"First degree" could take on a whole new meaning within New York's prisons if a new proposal is approved by the state legislature. Gov. Andrew Cuomo has introduced a plan to allow inmates to earn college degrees while behind bars by taking college-level courses. Cuomo cited multiple studies showing "that investing in college education for prisoners dramatically decreased recidivism rates while saving tax dollars on incarceration costs," in a statement released by his office this week.
Should Prisons Offer Degree-Granting Courses to Convicted Felons? An Influential Conservative Voice Says Yes.
January 28, 2015
Archbishop of New York, Timothy Cardinal Dolan, attended the 12th BPI Commencement ceremony on January 24, 2015. Among the graduates were newly minted experts in advanced math, literature, and social studies.
Timothy Cardinal Dolan Blogs About Attending BPI Commencement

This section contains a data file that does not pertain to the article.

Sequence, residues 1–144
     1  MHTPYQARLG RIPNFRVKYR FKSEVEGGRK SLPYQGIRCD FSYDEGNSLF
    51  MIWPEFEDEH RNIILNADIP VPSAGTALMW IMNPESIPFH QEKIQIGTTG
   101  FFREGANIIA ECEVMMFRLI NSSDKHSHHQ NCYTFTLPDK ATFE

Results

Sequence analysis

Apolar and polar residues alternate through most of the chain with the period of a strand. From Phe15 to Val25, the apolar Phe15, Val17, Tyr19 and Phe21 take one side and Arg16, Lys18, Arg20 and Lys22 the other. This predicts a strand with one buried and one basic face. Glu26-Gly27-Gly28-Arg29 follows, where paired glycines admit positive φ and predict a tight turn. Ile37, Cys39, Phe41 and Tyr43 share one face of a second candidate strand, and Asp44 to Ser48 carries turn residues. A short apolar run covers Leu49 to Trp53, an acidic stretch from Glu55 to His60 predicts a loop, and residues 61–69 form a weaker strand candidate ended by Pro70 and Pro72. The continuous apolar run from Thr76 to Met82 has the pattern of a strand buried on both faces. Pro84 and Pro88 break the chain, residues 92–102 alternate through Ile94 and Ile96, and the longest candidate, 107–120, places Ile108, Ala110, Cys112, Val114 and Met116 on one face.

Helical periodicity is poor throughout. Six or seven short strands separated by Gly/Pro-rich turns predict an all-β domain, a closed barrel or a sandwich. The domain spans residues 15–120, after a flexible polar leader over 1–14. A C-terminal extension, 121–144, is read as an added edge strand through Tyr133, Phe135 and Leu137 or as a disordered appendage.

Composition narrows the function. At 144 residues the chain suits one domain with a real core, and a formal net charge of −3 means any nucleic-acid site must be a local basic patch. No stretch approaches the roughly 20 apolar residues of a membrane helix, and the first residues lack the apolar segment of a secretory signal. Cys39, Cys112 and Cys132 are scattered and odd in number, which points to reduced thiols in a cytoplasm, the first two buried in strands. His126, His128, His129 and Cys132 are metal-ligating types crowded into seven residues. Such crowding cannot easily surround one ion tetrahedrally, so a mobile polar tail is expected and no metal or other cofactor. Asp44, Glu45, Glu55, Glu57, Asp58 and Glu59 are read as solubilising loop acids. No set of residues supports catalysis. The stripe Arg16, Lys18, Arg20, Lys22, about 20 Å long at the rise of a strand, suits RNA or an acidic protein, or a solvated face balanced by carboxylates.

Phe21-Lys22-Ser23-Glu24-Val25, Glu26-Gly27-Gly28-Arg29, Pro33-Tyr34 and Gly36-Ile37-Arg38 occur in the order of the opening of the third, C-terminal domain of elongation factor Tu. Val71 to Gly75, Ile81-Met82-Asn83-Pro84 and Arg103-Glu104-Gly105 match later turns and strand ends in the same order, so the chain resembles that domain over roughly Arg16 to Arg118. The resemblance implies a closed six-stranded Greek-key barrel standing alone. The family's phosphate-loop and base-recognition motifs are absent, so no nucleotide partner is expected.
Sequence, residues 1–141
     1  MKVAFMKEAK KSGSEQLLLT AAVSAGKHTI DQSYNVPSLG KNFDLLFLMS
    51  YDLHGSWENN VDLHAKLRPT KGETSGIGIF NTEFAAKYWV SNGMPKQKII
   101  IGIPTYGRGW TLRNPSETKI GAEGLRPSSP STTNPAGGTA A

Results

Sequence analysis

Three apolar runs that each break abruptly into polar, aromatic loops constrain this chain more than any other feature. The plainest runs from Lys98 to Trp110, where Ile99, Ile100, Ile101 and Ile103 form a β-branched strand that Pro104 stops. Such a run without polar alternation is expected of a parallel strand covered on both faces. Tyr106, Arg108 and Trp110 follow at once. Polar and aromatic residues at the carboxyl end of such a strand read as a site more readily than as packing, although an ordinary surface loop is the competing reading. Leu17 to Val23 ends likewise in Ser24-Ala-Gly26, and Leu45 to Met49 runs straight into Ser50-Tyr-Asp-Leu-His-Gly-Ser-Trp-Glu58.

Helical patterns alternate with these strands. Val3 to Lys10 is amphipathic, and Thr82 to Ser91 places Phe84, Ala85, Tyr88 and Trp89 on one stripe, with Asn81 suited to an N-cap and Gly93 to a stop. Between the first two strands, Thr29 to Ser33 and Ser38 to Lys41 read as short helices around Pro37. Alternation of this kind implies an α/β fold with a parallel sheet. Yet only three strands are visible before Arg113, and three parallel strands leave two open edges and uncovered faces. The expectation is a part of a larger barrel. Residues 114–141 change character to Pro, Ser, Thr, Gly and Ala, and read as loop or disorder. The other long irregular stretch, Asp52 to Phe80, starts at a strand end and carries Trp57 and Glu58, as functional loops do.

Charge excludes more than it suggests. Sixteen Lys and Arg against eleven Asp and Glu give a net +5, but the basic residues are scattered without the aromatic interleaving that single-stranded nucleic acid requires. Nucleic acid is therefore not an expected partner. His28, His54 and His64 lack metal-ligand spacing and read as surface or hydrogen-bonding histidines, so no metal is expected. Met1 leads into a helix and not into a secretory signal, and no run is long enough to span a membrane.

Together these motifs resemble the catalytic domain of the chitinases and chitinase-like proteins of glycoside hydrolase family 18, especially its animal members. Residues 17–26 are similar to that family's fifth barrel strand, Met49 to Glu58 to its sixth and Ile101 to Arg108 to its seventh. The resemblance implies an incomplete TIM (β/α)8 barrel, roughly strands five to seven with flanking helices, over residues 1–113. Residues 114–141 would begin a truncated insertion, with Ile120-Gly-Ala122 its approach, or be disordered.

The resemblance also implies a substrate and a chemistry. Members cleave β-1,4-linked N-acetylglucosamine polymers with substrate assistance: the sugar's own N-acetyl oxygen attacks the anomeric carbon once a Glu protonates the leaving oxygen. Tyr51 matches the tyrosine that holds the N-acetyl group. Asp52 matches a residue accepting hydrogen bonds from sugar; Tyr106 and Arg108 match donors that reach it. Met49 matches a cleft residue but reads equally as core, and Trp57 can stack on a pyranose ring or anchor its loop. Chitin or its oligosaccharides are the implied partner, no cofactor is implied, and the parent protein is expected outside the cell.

January 26, 2015
On January 24, 2015, BPI celebrated its twelfth commencement ceremony. Fifty one students received Bard degrees. Timothy Cardinal Dolan, the Catholic Archbishop of New York, received an honorary degree and delivered the commencement address. He wrote about the experience on his weblog, which garnered national attention from publications such as the Harvard Political Review and the Sterling Journal-Advocate.
Trench Democracy in Criminal Justice #3: An Interview with Max Kenner
December 31, 2014
Innovative democratic professionals are recreating some of our most fundamental institutions, shaping new democratic practices and struggling against the sometimes profoundly counter-democratic tendencies of contemporary American institutions. While their work is always in progress, their experiences hold value for anyone interested in democracy’s future. Max Kenner recently discussed BPI, its significance for both incarcerated and conventional students and for the faculty involved, and its long-term democratic implications.
The Amazing Results When You Give a Prison Inmate a Liberal Arts Education
In October 2014, Kenner was honored at a ceremony at the National Portrait Gallery in Washington D.C. as Smithsonian
magazine announced the winners of the third annual American Ingenuity Awards. The awards recognize the year's most amazing achievements and the innovators behind them.